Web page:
Preserve Marriage members ‘blacklisted’, court hears
Opponents of same-sex marriage have been “blacklisted” by businesses and fear repercussions from the LGBT community for their views, a court heard yesterday.
Delroy Duncan, lawyer for Preserve Marriage, made the claim in the Supreme Court, as he argued that the charity should not have to put up the costs for civil proceedings which it wishes to join as an interested party, nor reveal the identity of its donors.
The proceedings were brought by gay couple Winston Godwin and Greg DeRoche against the Registrar-General for refusing to marry them on the grounds of their sexual orientation.
The pair claim the Registrar's refusal breaches the Human Rights Act and they are seeking an order from the Supreme Court to compel him to post their marriage banns, in accordance with the Marriage Act. They also want a declaration that same-sex couples are entitled to be married under that law.
The two men's Judicial Review application is set to begin next Monday and yesterday's hearing considered whether Preserve Marriage, which opposes same-sex marriage and civil unions on religious grounds, should be allowed to take part in the proceedings.
At the end of the hearing, Puisne Judge Charles-Etta Simmons reserved judgment on Preserve Marriage's application, saying she expected to make a ruling later in the week and that the trial could possibly still go ahead on Monday.
Mr Duncan told the court: “Let's make this what it is; it's a national debate where interested parties with a real and legitimate interest in the outcome should be permitted to have their say.”
But Mark Pettingill, representing Mr Godwin and Mr DeRoche, dismissed the argument put forward by Preserve Marriage's lawyer, saying: “We are dealing with a narrow issue; a contracted marriage before a registrar. They [Preserve Marriage] are not a proper party to assist the court in the legal issue it must determine.”
Mr Pettingill also made an application for the charity to provide “security of costs” for the proceedings if it was allowed to be involved.
He claimed Preserve Marriage's legal fees were being funded by “third parties” and said the identities of those third parties should be revealed.
But Mr Duncan said: “Members of Preserve Marriage who have publicly come out opposing same-sex marriage and civil unions have been blacklisted by businesses.”
Mr Duncan added that disclosing the identity of donors would “invade the privacy of members of this community who support Preserve Marriage” and who feared “repercussions” from the LGBT community.
He referred to a letter he had received from Preserve Marriage member Laura Dowling, a chiropractor, who told him members of the charity's action team had been blacklisted and denied access to certain venues.
“Her practice has been affected as well,” he said. “This is real. This is what's going on in this case. The public square in Bermuda should be for everybody to have a say in matters that affect or potentially affect their interests.”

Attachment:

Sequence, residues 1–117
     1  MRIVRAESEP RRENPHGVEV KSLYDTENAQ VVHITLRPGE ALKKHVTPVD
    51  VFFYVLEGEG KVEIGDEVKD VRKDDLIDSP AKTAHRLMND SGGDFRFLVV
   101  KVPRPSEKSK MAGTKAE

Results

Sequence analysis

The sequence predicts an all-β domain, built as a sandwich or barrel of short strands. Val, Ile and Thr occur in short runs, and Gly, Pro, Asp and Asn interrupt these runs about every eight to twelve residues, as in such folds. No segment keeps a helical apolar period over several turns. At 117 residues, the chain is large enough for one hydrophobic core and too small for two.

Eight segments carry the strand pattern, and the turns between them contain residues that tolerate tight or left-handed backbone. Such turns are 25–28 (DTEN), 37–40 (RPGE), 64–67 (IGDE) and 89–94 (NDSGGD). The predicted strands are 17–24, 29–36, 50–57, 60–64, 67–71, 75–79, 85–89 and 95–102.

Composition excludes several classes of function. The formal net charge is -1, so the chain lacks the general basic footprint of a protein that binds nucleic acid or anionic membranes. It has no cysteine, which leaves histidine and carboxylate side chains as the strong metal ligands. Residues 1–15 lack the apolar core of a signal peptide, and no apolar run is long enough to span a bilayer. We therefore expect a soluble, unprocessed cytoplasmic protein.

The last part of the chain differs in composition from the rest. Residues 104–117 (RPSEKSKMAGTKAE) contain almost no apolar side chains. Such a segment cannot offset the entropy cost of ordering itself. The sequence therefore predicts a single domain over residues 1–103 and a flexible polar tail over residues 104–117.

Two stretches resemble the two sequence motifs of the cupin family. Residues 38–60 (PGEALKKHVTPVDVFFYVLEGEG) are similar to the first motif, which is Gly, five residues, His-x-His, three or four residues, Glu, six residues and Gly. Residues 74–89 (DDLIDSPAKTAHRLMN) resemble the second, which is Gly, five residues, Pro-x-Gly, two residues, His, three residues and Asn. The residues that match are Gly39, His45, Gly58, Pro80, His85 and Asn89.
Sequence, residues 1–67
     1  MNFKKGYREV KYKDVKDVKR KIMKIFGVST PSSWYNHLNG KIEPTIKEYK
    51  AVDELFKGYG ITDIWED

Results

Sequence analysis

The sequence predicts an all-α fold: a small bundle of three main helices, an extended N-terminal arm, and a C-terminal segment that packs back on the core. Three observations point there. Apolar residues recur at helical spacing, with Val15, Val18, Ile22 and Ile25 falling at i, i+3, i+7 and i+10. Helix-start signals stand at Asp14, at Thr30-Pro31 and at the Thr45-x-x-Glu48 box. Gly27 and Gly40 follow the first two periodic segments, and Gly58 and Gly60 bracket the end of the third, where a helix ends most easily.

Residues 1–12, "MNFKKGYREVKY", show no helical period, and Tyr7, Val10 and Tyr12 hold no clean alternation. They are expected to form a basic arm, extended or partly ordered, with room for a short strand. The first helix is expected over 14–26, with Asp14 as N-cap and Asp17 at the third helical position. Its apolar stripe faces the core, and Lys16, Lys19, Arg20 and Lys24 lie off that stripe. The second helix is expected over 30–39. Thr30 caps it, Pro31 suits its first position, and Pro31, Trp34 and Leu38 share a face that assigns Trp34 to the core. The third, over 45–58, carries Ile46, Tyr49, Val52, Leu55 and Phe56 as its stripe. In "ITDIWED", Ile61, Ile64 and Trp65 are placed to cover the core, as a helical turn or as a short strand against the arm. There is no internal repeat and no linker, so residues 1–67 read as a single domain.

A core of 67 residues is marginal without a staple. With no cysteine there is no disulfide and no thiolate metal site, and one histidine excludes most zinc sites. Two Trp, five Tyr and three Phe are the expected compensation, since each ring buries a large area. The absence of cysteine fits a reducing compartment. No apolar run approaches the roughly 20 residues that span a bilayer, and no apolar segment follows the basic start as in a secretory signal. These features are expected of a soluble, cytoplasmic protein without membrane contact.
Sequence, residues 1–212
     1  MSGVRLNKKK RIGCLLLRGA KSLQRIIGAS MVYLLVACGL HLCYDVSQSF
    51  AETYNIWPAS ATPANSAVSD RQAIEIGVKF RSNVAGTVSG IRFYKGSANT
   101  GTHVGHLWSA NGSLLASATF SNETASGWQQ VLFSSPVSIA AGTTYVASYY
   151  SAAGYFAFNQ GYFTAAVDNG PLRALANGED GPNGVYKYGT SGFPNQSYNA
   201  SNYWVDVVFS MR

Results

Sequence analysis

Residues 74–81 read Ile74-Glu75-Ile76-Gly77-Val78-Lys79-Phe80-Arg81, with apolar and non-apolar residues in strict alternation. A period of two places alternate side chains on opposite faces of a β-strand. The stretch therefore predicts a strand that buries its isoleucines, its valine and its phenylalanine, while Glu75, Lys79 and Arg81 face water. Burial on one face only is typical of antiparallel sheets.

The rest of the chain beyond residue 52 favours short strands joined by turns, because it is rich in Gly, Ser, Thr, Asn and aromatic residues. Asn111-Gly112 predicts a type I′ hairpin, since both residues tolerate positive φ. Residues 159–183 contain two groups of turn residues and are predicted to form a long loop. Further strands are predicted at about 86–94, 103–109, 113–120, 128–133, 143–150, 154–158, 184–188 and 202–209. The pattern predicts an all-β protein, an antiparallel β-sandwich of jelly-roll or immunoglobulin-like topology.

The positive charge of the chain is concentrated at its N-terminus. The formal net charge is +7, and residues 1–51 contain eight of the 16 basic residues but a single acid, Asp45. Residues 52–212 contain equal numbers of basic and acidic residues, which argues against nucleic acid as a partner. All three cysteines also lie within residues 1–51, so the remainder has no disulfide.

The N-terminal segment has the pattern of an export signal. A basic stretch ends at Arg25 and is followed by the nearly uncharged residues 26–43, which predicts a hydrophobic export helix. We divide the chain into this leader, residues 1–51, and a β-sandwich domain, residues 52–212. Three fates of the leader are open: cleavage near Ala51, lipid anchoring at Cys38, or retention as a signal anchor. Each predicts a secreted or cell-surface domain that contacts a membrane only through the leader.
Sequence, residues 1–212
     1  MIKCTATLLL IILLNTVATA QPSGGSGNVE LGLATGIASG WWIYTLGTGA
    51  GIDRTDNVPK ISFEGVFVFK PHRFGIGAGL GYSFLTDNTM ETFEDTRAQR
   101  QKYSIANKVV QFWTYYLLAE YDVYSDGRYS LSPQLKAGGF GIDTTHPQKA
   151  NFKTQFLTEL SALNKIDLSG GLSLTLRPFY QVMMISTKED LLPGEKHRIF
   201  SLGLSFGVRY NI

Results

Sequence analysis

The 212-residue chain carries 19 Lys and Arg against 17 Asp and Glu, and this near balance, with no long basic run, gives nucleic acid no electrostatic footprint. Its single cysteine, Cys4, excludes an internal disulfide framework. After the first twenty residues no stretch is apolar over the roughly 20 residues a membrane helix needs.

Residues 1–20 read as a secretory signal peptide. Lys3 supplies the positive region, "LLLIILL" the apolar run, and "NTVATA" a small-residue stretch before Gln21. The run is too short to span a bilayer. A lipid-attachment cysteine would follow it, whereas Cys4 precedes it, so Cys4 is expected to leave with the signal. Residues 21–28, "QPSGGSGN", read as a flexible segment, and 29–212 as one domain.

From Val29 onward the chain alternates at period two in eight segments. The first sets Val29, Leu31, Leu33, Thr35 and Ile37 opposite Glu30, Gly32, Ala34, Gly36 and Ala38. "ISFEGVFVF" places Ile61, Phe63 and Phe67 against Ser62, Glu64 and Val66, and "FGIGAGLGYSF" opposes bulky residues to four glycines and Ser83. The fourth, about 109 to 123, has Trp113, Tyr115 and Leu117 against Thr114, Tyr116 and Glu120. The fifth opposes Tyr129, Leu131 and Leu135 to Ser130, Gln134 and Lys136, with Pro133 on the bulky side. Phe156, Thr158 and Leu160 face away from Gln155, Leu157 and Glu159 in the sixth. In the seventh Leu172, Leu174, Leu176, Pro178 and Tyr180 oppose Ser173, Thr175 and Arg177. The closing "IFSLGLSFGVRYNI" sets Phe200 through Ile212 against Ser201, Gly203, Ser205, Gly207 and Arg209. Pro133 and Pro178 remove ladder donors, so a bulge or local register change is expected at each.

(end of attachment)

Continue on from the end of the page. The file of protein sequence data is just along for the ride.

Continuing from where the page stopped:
Former Attorney-General Mr Pettingill argued that Preserve Marriage's involvement would significantly extend the proceedings and that wasn't fair on his clients.
He said the charity had filed “voluminous” submissions which were not relevant to the “narrow issue” at hand and which he did not plan to read.
“This is not a public debate,” the One Bermuda Alliance backbencher said. “This is not Speakers' Corner. This is not a religious debate.”
He suggested those represented by Mr Duncan were “bigots”, a phrase Preserve Marriage's lawyer described as “very unfortunate”.
Mr Pettingill said: “All that word means is they are opposed to a position somebody else has.”
But Mrs Justice Simmons, who was hearing the arguments, said: “I think it's a far more loaded word than that.”
The Human Rights Commission is an intervener in the case and its lawyer, Rod Attride-Stirling, complained that Preserve Marriage had submitted evidence late on Monday and early yesterday, instead of giving counsel at least two days to consider it. “It's impossible for us to state a considered position in relation to the application because we have not had a proper opportunity to consider the evidence,” Mr Attride-Stirling said. “[The submission] makes scandalous and false statements that my clients want to respond to to correct the record. That evidence, quite frankly, should be struck out.”
He described some of the material as “outrageous”, adding that some statements were false and others were “heavily disingenuous”.
“It's totally inappropriate that this sort of evidence should be used during this hearing.
“We have had no opportunity to respond.”
Mr Duncan denied the evidence contained false statements. He said two countries which had settled the matter of same-sex marriage through the courts — the United States and South Africa — had allowed submissions from groups such as Preserve Marriage.
And he said Mr Pettingill was “on public record” — in The Royal Gazette — as providing his services free of charge to Mr Godwin and Mr DeRoche, so the cost of the proceedings would not impact them. Mr Pettingill said he was not on the court record as providing his services pro bono and it was not the case.
Mr Godwin's and Mr DeRoche's writ against the Registrar was filed days after a referendum on same-sex marriage and civil unions. The ballot was deemed unanswered because of low voter turnout.
The Government has said it will defend the legal case on the grounds that a marriage service is not a service covered by the Human Rights Act. In his refusal letter to the couple, the Registrar cited the Matrimonial Causes Act, section 15 of which says a marriage is void if the parties are not male and female.
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